Lumbar Laminectomy

What is Laminectomy?

Laminectomy is a surgical procedure involving removing part of the vertebral bone called the lamina.
The lamina is a flat, thin vertebral arch component covering the spinal cord and nerves.

Laminotomy is a similar procedure, but here only a part of the lamina is removed to create a window.

Why is it done?

Generally, laminectomy is carried out to ease the pressure on the spinal cord or spinal nerves that results from conditions like spinal stenosis, spinal tumours, or herniated discs.

The narrowing of the spinal canal can compress the spinal cord and nerves, leading to various symptoms, including pain, numbness in the lower back, hips, legs, and feet and, rarely, weakness. The severity of these symptoms depends on the extent of the stenosis.

Unfortunately, non-surgical treatments such as medication, physiotherapy, injections, or manipulation are unlikely to offer long-term relief. The symptoms hardly ever improve permanently without decompression surgery to alleviate nerve pressure.

What happens during the procedure?

Before the procedure, the patient will typically undergo a thorough evaluation by the surgeon to determine the underlying cause of their pain and whether a lumbar laminectomy is an appropriate treatment option. This will also include an anaesthetic assessment for fitness for surgery.

The surgery is usually performed under general anaesthesia, and the patient lies face down on the operating table.

The surgeon makes a midline incision in the lower back over the affected disc's area.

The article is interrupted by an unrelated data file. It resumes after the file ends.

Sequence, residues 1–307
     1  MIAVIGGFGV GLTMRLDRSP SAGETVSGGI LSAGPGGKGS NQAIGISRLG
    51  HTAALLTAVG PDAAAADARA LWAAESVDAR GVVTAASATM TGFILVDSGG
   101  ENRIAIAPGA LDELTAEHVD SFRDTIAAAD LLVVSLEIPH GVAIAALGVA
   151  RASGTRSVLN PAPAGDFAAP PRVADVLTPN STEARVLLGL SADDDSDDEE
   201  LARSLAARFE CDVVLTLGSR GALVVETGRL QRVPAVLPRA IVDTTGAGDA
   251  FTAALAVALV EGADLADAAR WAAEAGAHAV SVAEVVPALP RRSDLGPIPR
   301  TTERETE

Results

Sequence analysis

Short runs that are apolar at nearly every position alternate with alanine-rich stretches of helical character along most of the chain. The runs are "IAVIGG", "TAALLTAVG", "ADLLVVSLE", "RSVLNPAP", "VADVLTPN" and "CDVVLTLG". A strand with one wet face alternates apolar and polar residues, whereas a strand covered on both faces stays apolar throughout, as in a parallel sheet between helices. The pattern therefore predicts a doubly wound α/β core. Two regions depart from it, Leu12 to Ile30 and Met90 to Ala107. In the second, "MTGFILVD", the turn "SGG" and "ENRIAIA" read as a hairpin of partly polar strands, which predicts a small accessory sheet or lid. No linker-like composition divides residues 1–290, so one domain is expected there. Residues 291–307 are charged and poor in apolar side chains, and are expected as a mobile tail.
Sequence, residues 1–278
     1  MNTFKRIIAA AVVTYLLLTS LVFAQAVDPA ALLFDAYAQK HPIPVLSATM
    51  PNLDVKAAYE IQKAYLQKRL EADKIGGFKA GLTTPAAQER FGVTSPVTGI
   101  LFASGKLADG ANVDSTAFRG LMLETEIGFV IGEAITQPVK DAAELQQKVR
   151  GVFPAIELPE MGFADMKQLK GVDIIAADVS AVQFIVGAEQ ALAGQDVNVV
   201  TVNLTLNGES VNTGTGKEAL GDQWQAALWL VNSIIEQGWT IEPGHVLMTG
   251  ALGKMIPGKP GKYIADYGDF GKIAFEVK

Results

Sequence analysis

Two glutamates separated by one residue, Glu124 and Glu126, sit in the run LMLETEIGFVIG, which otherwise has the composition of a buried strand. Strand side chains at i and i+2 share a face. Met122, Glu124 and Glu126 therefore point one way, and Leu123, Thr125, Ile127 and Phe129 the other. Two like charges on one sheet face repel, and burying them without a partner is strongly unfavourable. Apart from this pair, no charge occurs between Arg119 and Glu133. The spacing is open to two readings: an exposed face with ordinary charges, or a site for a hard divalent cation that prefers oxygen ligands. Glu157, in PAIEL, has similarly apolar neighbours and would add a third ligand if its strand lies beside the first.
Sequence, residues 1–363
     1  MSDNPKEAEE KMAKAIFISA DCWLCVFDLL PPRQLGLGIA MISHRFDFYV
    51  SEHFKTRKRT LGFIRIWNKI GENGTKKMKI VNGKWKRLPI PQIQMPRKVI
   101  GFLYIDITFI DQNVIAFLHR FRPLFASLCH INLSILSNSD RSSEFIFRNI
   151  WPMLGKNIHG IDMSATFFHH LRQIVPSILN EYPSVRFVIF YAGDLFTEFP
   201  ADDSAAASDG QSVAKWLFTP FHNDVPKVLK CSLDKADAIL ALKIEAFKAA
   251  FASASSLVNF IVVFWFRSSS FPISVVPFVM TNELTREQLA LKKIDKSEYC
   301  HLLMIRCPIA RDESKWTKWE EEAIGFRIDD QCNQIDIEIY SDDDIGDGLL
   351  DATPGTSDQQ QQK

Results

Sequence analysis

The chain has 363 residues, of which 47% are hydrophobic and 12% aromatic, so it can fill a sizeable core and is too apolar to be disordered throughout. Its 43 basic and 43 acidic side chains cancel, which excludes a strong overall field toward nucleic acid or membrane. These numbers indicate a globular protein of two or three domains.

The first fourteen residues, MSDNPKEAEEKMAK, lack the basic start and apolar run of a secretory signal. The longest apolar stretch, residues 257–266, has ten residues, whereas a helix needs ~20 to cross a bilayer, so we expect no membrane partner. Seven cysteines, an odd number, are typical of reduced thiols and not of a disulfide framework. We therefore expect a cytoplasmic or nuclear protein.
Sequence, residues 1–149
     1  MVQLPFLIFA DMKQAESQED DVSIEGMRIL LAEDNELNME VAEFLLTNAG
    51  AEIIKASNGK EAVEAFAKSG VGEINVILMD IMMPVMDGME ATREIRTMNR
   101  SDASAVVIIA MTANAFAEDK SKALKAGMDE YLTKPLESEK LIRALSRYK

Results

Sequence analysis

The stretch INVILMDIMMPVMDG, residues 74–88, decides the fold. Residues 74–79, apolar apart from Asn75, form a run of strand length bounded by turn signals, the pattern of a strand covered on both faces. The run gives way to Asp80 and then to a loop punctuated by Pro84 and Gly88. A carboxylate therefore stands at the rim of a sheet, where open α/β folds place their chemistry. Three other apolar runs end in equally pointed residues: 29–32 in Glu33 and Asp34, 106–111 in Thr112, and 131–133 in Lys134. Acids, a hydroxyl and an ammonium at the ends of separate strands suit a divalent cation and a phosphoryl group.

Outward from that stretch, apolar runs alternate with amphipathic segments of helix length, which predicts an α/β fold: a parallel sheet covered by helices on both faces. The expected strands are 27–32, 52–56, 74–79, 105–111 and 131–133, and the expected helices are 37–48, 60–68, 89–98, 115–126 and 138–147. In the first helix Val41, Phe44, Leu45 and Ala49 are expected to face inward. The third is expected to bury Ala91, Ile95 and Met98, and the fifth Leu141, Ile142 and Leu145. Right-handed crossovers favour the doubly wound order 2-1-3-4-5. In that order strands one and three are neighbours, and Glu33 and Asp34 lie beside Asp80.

The surgeon then uses a microscope/ surgical loupes and specialized instruments to remove the portion of bone that is compressing the spinal nerves. Magnification has its advantages like enhanced visualisation, improved precision, reduced trauma, and quicker recovery (reduced trauma and small incisions).

Surgery aims to remove the material (for example, the excess bone and ‘thickened’ ligament) from the back of the spinal canal to give the nerve roots and/or cauda equina more room.
The procedure typically takes one or more hours, depending on the extent of the stenosis and the case's complexity.

Typically, approximately 70-80% of patients experience good relief from leg pain after decompression surgery, which may take several weeks to take effect.

Spinal surgery is not a complete solution and cannot prevent further degeneration of the disc. Its goal is to provide benefits with a good percentage improvement and relief of leg symptoms. However, in some cases, numbness or weakness may persist even after a technically successful operation.
It should be noted that the surgery is not aimed at relieving back pain, and its success rate in this regard is less reliable.

What happens after the procedure?

After the procedure, the patient is taken to a recovery room, where they are monitored briefly before discharge. Patients can usually return home after safely mobilising following the surgery. This may be a day or a couple of days, depending on the case's complexity.

If necessary, physical therapy is typically initiated after the surgery to enhance the patient's strength and flexibility.

What are the potential side effects of the procedure?

As with any form of surgery, there are risks associated with it. These are nerve root damage, dural tear, recurrence, bleeding, infection, and ongoing pain.
These risks and benefits will be discussed in detail during the consent process.

Please follow the BASS (British Association of Spinal Surgeons) website for more information.

Learn more about condition:

Lumbar Canal Stenosis: Discover the causes, symptoms, and complications associated with Lumbar Canal Stenosis.